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Despite devices like the Apple Watch nominally being able to do more, dedicated fitness bands are vastly outselling other wearables in the U.S., according to a research report published on Wednesday.
Three out of four wearables owned by Americans are fitness trackers, said Kantar Worldpanel ComTech. The wearables market is still comparatively small however, as only 12.2 percent of Kantar's American survey group owned any such device.
Fitbit, makers of products like the Blaze and the Charge HR, controlled 61.7 percent of the U.S. install base. The Apple Watch held just 6.8 percent.
In fact, in a two-month period ending with March 2016, Fitbit reportedly achieved over 50 percent of wearable sales, with Apple and Garmin coming a distant second and third, respectively.
The balance of power was more even in four European markets surveyed — France, Germany, Great Britain, and Italy — although just 6.6 percent of people owned a wearable. Fitbit controlled 18.5 percent of the install base, followed by Apple at 14 percent, and Samsung at 11.6.
Kantar suggested that brand, ease of use, and functionality were the top criteria people used when picking out a wearable, relegating design and even cost to lesser concerns. While Apple is one of the world's best-known brands, most fitness trackers are not only cheaper than the Apple Watch but intentionally simpler in function and interface, meant only to check things like steps, heartrate, or the time.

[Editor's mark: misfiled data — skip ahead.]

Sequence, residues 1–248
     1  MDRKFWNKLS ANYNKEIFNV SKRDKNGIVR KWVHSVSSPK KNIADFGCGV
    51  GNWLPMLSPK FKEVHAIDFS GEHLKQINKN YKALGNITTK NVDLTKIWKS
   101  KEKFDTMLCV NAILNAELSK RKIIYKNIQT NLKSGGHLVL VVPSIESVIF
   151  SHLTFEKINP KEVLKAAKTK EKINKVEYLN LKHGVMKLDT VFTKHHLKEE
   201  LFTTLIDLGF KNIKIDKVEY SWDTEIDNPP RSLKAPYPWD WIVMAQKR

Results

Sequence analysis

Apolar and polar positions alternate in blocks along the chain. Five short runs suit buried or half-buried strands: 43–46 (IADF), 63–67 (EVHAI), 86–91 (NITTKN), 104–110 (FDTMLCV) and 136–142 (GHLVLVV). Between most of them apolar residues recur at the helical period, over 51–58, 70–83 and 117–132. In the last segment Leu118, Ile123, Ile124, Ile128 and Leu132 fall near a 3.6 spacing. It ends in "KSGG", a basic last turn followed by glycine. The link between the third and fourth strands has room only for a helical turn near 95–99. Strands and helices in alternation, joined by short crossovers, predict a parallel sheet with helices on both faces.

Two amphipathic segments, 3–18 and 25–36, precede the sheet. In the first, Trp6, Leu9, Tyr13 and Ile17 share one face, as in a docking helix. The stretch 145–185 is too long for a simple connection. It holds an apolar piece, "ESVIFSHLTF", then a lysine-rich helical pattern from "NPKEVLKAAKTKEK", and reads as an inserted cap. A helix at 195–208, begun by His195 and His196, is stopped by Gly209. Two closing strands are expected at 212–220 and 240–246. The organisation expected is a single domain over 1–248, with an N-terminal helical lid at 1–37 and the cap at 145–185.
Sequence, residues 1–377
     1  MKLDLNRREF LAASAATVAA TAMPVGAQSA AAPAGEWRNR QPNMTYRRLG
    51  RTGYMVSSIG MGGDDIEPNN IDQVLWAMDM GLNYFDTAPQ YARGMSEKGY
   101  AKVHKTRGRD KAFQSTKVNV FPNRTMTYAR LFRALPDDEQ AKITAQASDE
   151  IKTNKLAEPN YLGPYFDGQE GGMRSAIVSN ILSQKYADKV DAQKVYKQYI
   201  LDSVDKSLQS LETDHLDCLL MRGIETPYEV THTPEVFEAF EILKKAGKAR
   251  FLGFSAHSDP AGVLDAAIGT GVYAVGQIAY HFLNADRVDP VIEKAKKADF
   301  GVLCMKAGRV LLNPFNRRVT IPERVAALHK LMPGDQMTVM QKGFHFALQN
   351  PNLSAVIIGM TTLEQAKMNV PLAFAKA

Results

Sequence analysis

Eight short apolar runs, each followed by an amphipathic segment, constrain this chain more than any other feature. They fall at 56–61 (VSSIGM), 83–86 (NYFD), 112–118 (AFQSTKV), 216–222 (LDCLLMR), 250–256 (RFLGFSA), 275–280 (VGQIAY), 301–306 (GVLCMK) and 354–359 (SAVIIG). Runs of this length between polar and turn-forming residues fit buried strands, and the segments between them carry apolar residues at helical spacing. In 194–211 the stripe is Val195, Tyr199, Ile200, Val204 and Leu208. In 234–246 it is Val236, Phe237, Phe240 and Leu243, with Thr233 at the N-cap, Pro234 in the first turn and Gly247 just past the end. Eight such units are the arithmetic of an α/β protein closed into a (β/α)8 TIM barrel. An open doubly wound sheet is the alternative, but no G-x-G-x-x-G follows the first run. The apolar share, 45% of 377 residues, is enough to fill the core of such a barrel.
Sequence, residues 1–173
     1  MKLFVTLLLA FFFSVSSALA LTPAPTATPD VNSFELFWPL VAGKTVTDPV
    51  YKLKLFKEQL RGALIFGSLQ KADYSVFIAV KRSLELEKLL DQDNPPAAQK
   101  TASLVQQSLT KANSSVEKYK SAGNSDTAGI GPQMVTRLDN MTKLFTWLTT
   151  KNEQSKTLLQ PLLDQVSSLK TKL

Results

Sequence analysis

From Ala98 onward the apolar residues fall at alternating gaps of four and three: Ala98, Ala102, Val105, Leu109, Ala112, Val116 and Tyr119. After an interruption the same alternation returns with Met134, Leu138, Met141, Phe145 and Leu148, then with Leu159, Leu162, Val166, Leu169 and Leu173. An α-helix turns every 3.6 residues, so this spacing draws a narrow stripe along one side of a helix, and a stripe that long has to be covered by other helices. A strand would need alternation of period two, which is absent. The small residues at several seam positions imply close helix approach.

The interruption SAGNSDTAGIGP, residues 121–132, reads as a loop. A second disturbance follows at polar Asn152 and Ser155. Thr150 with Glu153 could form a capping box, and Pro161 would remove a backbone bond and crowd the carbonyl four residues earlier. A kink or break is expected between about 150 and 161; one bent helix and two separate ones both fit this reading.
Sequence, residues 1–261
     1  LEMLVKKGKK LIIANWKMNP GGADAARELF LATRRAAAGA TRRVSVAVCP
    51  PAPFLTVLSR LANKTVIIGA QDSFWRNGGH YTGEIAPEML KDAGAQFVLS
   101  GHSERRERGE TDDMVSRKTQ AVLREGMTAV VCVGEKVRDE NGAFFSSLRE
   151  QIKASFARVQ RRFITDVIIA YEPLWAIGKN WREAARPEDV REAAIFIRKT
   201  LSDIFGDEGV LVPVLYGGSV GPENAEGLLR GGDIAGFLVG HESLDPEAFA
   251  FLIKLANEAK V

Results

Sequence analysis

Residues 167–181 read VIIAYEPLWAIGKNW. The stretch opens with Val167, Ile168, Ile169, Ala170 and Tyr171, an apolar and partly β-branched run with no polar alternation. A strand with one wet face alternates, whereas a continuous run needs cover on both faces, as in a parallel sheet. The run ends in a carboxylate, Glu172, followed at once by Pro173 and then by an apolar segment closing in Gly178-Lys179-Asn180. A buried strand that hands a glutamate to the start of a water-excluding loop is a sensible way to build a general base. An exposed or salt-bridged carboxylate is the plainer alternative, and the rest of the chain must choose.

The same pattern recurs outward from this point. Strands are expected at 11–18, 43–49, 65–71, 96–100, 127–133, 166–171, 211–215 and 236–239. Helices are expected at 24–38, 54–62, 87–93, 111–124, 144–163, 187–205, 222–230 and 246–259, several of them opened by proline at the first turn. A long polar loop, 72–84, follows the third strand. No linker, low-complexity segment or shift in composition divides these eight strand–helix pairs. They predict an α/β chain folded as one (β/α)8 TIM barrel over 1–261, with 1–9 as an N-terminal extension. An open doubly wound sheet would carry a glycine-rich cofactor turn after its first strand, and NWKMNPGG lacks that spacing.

In a recent interview, Fitbit CEO James Park argued that Apple was taking the wrong approach to wearables by launching a "computing platform," and thereby making things more complicated. Most smartwatch makers, he said, are trying to cram in every possible feature since people still don't know what the products are good for.
Apple has yet to reveal sales numbers for the Watch, although CEO Tim Cook did claim that the product sold more units in its first year than the iPhone did in 2007, and that March quarter sales met expectations.